The romantic castles of Sussex holiday cottages

The romantic castles of Sussex

Elianne Reed 04 March 2019

It's easy to picture Rapunzel at the top of one of these magnificent parapets calling down to one of her suitors or imagine lords and ladies who one made this castles' their homes strolling through the exquisite grounds. Sussex plays host to a range of spectacular castles, some that have been kept in excellent conditions so that when you walk through the halls you'll feel like you've travelled back in time, and others that have fallen to battles or disrepair and are now in ruins, yet still as grand as ever. 

These castles have seen kings, dukes and knights come and go, been privy to beheadings and home to murder. Thousands of years of history can be uncovered in the castles throughout Sussex so go and find out the fascinating stories of these magnificent structures. Climb the parapets, explore the gardens and stop for a bite in the tearooms at these excellent attractions. They have been adapted for visitors so make the most of these beautiful structures throughout the countryside. We have plenty of delightful properties where you could stay on a holiday discovering the castles' of Sussex, take a look and find you're own private cottage from which to discover this fantastic county.

Below we have listed a few of the must-see castles in the area. These elegant attractions have lots to offer including stories of intrigue that will ensure your holiday is a memorable one. Enjoy a trip to Sussex and uncover it's romantic yet deadly history.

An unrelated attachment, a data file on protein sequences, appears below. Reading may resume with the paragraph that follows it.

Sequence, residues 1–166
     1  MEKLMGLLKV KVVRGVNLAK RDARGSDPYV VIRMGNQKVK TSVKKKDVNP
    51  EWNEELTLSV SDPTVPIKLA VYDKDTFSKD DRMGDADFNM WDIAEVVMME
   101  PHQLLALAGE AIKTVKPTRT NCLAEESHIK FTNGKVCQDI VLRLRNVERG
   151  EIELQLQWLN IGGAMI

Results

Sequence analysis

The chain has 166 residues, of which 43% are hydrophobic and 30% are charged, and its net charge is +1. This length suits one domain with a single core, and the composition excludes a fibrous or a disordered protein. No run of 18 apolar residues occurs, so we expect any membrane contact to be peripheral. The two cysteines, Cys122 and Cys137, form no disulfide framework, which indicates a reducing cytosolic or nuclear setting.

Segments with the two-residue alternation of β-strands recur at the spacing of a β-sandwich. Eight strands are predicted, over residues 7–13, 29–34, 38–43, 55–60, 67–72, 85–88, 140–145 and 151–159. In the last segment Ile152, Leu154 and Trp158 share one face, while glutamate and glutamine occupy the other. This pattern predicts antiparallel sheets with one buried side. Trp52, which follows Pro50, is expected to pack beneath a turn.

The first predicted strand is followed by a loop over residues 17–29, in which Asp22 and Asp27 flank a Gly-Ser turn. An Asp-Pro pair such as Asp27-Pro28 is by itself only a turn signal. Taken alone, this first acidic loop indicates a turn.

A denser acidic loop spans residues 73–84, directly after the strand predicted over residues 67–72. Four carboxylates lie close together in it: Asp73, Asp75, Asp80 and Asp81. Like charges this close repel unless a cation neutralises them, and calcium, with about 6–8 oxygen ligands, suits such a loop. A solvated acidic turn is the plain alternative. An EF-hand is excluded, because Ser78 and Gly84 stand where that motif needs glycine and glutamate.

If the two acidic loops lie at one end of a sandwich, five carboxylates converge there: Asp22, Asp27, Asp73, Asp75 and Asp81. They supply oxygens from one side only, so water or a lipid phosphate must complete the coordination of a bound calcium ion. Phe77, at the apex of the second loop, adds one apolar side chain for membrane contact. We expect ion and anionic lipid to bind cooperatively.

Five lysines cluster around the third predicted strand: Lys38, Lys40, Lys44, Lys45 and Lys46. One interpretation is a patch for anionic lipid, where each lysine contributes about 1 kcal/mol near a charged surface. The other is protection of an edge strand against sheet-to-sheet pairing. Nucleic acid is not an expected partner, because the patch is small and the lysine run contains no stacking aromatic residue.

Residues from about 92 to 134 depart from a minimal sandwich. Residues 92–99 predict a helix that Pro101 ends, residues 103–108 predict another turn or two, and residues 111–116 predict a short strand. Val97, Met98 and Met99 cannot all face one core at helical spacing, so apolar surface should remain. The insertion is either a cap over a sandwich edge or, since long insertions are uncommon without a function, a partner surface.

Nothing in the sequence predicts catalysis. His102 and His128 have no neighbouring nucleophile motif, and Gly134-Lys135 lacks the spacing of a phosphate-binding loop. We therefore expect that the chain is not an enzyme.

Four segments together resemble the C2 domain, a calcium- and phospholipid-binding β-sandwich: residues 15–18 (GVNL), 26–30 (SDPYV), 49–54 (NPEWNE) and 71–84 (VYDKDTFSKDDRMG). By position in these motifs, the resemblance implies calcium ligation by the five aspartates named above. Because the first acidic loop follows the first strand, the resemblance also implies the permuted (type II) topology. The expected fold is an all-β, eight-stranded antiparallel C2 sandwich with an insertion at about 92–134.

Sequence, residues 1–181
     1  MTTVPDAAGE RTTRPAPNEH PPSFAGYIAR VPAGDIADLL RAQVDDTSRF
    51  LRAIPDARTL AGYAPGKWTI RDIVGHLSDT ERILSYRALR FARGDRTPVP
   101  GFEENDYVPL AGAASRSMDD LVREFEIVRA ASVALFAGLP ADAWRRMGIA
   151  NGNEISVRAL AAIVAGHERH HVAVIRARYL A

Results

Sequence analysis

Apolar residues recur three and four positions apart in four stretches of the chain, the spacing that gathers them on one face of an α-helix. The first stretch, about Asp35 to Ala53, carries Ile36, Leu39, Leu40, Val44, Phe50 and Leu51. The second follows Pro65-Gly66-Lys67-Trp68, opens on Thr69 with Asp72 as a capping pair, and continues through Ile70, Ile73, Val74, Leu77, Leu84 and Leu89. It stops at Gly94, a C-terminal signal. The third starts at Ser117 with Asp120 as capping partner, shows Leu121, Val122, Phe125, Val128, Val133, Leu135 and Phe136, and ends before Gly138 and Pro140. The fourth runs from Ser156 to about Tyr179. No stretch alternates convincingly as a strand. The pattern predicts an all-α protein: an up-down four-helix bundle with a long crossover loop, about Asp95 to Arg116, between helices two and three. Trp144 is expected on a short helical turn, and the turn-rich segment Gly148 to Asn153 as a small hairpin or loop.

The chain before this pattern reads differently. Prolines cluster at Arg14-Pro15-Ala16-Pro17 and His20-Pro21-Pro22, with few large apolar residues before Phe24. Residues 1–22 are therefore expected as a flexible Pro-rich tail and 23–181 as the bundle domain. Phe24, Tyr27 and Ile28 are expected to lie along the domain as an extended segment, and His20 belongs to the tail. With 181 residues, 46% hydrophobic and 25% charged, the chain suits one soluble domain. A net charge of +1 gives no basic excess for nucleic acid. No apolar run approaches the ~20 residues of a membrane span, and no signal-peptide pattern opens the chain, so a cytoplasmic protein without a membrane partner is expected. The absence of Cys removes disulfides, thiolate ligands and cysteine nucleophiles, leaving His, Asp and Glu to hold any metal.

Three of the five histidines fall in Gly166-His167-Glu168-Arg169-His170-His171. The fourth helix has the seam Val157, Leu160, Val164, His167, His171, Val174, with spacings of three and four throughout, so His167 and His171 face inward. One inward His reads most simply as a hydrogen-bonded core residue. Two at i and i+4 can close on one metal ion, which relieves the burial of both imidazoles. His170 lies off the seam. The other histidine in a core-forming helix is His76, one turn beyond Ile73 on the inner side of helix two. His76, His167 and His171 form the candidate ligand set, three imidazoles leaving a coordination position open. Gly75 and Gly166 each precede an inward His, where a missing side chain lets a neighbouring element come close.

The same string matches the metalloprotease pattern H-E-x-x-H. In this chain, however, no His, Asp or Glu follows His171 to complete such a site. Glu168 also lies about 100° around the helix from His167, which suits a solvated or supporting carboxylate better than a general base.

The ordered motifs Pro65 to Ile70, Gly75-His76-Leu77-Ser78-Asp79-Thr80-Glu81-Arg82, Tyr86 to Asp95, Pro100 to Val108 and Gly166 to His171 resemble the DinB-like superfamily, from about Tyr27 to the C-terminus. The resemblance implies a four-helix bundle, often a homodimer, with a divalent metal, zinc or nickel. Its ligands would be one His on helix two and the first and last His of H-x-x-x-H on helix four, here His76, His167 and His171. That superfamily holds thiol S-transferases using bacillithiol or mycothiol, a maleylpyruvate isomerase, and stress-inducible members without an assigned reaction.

Arundel Castle

This family castle, built at the end of the 11th century, has been the seat of the Duke of Norfolk for over 850 years and continues to be to this day. It has been restored many times over the years and dominates the town of Arundel, shadowing everything in its path. It sits high on a hill with amazing views across the South Downs and the River Arun. Though the castle is only open for certain months of the year, it is such a huge part of Sussex life and so beautiful that it had to be included in our guide.

Can I have a little history before I go?

There are nearly 1000 years of fascinating history abound at this castle, built at the end of the 11th century by Roger de Montgomery, Earl of Arundel. The oldest part of the castle is the motte, constructed just after the Battle of Hastings in 1068, soon followed by the gatehouse. King Henry I settled the castle and lands in dower on his second wife, Adeliza of Louvain in his will; she then married William d’Albini II who was later made Earl of Arundel by King Henry II.

The castle has descended directly from 1138 to the present day, carried by both female and male heiresses. There has been the occasional reversion to the Crown but otherwise it has been straight succession. The castle has witnessed executions of its masters, including the 4th Duke who was beheaded for plotting to marry Mary Queen of Scots.

The various owners over the years have been religious or well-known and this can be seen in the many beautiful items you can see today, including furniture from the 16th century and wonderful tapestries and portraits. Personal possessions of Mary, Queen of Scots are also on show. Sadly, the castle was later badly damaged when besieged by Royalists and then again by Cromwell’s Parliamentarian force.

The pure grandeur of the castle is evident when you find out that it was visited by Queen Victoria and Prince Albert in 1846 – the visit was only for three days but a special bedroom and library were commissioned for them which is fascinating to look around. The castle as it is today was mainly restored by the 15th Duke and was one of the first country houses to have electric light and central heating.